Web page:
Mr. Loscher speaks to three important lessons a wise leader will learn and apply in any global organization.
Trust and Teamwork
“But the underlying strength is the trust within the team — so that you actually are no longer just playing individually at your best, but you’re also trying to understand what you can do to make the team better.”
A classic approach to teamwork, it’s always important to remember the virtuous circle of a high-functioning, trusting team:
- A true team helps all members function at their individual best.
- When each team member is performing well, the team as a whole delivers greater results.
“So the challenge was how to lead a diverse team, and this was always one of my interests. My forefathers are from Italy, my parents are Austrian, my wife is Spanish, two of our children are American and the third is Spanish, so I have the United Nations at home. You have to adapt to a diverse environment and appreciate the diversity. … Our company does business in 190 countries, so you need to have diversity of experience. I put a lot of value on this.”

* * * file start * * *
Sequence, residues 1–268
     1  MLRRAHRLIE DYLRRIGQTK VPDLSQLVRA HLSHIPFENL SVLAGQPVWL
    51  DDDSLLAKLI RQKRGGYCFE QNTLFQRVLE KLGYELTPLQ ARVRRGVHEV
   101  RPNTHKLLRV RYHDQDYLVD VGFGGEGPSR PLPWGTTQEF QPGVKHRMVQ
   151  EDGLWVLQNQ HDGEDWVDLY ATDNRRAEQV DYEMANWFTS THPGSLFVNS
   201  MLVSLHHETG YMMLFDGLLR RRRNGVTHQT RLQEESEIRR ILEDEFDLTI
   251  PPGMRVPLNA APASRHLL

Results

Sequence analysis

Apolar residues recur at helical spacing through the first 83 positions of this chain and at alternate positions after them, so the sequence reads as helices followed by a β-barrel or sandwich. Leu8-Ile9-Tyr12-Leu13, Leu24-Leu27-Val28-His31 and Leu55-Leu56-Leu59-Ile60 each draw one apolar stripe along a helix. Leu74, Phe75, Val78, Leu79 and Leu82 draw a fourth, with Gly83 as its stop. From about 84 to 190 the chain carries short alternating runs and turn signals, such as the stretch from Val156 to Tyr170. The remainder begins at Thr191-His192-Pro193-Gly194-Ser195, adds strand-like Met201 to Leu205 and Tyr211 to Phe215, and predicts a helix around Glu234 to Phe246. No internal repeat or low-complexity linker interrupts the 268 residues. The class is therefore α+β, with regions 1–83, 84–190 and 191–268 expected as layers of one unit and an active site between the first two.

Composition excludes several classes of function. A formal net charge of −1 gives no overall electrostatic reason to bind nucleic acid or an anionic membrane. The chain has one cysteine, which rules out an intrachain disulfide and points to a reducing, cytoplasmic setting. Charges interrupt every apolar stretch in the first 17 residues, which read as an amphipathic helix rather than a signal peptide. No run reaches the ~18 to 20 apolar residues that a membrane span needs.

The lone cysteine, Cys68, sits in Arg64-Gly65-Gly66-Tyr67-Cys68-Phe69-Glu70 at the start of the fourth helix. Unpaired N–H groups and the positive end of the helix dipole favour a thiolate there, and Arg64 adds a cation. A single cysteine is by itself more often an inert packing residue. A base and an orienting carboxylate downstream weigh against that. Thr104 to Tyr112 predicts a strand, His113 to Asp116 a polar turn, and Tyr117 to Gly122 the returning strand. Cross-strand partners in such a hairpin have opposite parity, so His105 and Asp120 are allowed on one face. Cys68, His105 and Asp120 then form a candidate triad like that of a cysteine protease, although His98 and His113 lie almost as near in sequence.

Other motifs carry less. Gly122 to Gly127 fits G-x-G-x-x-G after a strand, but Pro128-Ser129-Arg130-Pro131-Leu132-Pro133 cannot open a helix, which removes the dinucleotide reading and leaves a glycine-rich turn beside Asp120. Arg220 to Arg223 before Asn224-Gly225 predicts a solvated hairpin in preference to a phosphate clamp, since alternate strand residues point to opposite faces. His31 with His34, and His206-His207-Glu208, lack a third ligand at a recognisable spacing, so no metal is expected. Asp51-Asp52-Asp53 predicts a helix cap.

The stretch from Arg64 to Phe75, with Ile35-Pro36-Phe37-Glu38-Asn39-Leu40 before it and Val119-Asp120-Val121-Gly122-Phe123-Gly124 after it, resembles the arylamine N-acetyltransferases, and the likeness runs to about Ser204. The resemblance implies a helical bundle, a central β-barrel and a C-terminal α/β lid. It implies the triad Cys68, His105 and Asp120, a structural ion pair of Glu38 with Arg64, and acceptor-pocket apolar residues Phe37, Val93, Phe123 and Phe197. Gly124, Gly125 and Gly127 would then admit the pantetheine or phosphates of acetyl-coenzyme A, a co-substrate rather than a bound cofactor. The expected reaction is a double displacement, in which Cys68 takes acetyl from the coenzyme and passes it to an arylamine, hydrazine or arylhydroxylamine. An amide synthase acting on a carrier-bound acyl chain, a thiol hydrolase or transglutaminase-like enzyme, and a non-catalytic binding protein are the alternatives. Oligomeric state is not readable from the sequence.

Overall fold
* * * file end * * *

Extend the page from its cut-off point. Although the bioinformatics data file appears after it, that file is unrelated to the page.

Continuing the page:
Your people are all different. This is much more obvious in global organizations, but no less true if you have operations domestically only. Wise leaders seek to understand the different motivators, concerns and cultural expectations of all employees because they know doing so leads to more trusting teams.
“But I think you create this culture where we are together, and together we are going to make ourselves better, we are not satisfied, and we are straight about it. So you celebrate successes, you rally the teams, but at the same time you say, how can we make ourselves better in every little single step that we are taking?”
Celebrating success, encouraging others, and recognizing achievements is only half the relationship equation in high-functioning teams. As with any performance management, appropriate corrective feedback needs to also be given. However, building a relationship of trust and appreciation lays the groundwork for mutual respect that makes both giving and receiving constructive feedback easier and far more effective.
Do you work in a team? What is the dynamic – one of trust and helpfulness, or one of dysfunction and self-preservation?